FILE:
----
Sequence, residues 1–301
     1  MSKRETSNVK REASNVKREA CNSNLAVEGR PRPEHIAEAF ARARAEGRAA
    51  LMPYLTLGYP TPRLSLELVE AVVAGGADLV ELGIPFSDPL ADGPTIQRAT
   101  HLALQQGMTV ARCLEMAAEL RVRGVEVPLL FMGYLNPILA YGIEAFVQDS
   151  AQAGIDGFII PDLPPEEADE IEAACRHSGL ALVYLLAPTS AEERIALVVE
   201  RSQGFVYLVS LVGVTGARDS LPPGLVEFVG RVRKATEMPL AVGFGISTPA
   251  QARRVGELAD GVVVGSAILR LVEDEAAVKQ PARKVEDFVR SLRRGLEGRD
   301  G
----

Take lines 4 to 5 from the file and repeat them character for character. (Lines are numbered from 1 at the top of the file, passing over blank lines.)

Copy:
   101  HLALQQGMTV ARCLEMAAEL RVRGVEVPLL FMGYLNPILA YGIEAFVQDS
   151  AQAGIDGFII PDLPPEEADE IEAACRHSGL ALVYLLAPTS AEERIALVVE